the Resource Intensity of Mobility – A transport Policy Running on Empty

 These words of Fatih Birol, Chief Economist of the International Energy Agency, courtesy of The Guardian with the sting in the tail highlighted, taken together with the clip from the Times and the  12th December post, ‘Turkeys don’t Vote for Christmas’  graphically illustrate the need for a systemic and integrated approach to reducing the resource intensity of mobility.

“In terms of non-OPEC [countries outside the big oil producers’ cartel], we are expecting that in three, four years’ time the production of conventional oil will come to a plateau, and start to decline. In terms of the global picture, assuming that OPEC will invest in a timely manner, global conventional oil can still continue, but we still expect that it will come around 2020 to a plateau as well, which is, of course, not good news from a global-oil-supply point of view.”

On the basis that the least resource intense process is the one that doesn’t exist, we must work to continually remove none essential journeys and transfer essential ones to the least resource intense, renewably powered alternatives. On the basis of the IEA’s comments is is clear that, on the timescale available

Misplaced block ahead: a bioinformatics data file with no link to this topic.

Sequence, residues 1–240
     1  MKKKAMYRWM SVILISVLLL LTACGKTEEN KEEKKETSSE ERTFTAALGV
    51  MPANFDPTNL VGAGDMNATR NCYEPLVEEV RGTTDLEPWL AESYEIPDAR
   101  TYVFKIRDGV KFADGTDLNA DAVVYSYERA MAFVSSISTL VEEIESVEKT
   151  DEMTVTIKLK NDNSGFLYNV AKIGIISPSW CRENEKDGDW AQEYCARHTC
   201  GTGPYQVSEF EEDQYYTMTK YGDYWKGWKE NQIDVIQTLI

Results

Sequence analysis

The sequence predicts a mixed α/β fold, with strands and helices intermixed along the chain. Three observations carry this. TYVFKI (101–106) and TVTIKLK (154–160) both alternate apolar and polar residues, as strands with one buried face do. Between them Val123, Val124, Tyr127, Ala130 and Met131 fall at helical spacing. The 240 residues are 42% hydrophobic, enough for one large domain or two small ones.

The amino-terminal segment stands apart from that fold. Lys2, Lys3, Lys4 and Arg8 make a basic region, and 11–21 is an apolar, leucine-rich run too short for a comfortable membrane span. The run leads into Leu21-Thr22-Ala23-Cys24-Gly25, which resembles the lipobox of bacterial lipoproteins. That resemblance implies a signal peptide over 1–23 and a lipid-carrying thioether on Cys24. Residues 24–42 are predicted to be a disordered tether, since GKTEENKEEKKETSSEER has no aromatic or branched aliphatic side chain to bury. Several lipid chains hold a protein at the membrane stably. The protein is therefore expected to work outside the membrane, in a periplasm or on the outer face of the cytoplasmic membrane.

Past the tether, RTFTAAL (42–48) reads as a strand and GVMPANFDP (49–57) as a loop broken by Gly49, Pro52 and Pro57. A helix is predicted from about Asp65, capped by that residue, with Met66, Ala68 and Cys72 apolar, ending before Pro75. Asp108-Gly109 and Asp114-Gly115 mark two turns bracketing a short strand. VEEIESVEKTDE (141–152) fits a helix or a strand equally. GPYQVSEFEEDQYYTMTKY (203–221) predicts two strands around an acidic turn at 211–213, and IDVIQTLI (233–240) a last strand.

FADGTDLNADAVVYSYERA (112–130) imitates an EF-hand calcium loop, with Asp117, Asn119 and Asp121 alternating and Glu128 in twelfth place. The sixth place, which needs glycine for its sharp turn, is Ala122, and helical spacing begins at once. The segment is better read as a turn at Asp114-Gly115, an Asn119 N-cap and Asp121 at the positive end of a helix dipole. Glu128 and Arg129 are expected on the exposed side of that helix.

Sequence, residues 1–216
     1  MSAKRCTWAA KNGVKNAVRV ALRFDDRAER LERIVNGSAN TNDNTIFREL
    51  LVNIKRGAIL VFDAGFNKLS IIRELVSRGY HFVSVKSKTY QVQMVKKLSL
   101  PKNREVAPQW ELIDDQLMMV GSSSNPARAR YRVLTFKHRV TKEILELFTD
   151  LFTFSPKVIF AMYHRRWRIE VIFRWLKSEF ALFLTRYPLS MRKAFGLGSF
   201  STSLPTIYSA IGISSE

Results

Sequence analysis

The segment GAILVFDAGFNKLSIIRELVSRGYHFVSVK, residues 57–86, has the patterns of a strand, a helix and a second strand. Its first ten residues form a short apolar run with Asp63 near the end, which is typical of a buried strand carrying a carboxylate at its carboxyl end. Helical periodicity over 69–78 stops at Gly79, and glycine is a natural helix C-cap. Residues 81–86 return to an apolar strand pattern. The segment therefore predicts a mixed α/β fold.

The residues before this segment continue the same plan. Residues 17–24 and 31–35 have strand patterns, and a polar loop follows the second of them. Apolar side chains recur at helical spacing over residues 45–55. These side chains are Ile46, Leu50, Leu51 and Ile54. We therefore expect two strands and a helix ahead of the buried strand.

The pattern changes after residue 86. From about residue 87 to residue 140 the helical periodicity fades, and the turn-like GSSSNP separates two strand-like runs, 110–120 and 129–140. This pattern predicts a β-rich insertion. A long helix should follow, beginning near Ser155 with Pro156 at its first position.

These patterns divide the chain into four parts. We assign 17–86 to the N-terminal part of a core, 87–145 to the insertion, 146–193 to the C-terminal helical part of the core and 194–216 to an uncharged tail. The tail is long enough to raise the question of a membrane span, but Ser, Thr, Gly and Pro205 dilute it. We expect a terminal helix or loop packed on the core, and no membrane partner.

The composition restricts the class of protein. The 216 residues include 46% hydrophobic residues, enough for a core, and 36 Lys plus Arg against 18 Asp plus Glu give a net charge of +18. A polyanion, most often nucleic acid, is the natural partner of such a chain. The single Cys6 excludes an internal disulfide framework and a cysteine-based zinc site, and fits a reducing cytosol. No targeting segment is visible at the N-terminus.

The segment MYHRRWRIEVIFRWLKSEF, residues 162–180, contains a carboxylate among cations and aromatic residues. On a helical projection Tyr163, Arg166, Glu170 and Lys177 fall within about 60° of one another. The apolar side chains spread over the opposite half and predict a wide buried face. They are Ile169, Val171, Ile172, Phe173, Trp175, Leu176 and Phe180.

• based on foreseeable technology the aviation industry has no future as a mass transit system
  • Initially voluntary and assisted, directed labour will need to be implemented amoungst people with identical skill sets and national pay scales. (limiting job applications to a maximum travel radius)
  • Mandating that children live within walking or cycling distance of school will be necessary and then mandating the elimination of the ‘school run’.

These comments may sound draconian but they are implicit in the words of Fatih Birol, as these do not postulate the future distribution of energy availability or the net useful energy available after recovery, processing and transporting.

To be continued  dd


A transport policy running on empty


……………….So is the case against other aspects of the government’s transport policy. When the citizens of Greater Manchester voted 4-1 against its proposed congestion charge, they knew what they were doing. Five years after the London congestion charge was introduced, the capital’s road system is still chaotic with traffic moving at a snail’s pace. Promises of a transformation of public transport proved illusory. If Manchester was meant to pave the way for an expansion of congestion charging around the country, its residents have performed the useful service of sending it back to Go.

…………………….. There is a case for “smart” congestion charging to change patterns of road use, as an alternative to duties on petrol and the taxation of vehicles………………

Yet little of this thinking seems to be going on. There seems, instead, a willingness to let our dated transport systems gently decline in the hope that nobody notices too much. The reasons for this may be as varied as wishing to save money or to discourage people from using crowded roads. More likely it is a reluctance to think big; it is a truism that this country muddles through when it comes to transport. France, Germany and Spain produce gleaming new trains and glistening auto-routes. We respond with potholed roads and clapped-out trains. Nowhere is this better illustrated than the muddle over Heathrow.


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